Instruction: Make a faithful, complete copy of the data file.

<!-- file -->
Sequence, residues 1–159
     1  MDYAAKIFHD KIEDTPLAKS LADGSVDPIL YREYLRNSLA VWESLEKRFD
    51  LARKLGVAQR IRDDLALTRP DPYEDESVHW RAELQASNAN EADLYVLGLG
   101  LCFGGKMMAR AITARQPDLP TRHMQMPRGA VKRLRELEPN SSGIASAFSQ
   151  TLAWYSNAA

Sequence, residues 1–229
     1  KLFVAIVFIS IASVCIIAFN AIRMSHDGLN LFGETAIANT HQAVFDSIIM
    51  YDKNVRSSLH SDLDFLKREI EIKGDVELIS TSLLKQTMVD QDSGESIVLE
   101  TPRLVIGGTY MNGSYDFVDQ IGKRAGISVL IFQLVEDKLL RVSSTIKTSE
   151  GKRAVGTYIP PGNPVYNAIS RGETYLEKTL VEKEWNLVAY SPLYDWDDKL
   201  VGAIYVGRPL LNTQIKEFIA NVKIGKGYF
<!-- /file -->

Sequence, residues 1–159
     1  MDYAAKIFHD KIEDTPLAKS LADGSVDPIL YREYLRNSLA VWESLEKRFD
    51  LARKLGVAQR IRDDLALTRP DPYEDESVHW RAELQASNAN EADLYVLGLG
   101  LCFGGKMMAR AITARQPDLP TRHMQMPRGA VKRLRELEPN SSGIASAFSQ
   151  TLAWYSNAA

Sequence, residues 1–229
     1  KLFVAIVFIS IASVCIIAFN AIRMSHDGLN LFGETAIANT HQAVFDSIIM
    51  YDKNVRSSLH SDLDFLKREI EIKGDVELIS TSLLKQTMVD QDSGESIVLE
   101  TPRLVIGGTY MNGSYDFVDQ IGKRAGISVL IFQLVEDKLL RVSSTIKTSE
   151  GKRAVGTYIP PGNPVYNAIS RGETYLEKTL VEKEWNLVAY SPLYDWDDKL
   201  VGAIYVGRPL LNTQIKEFIA NVKIGKGYF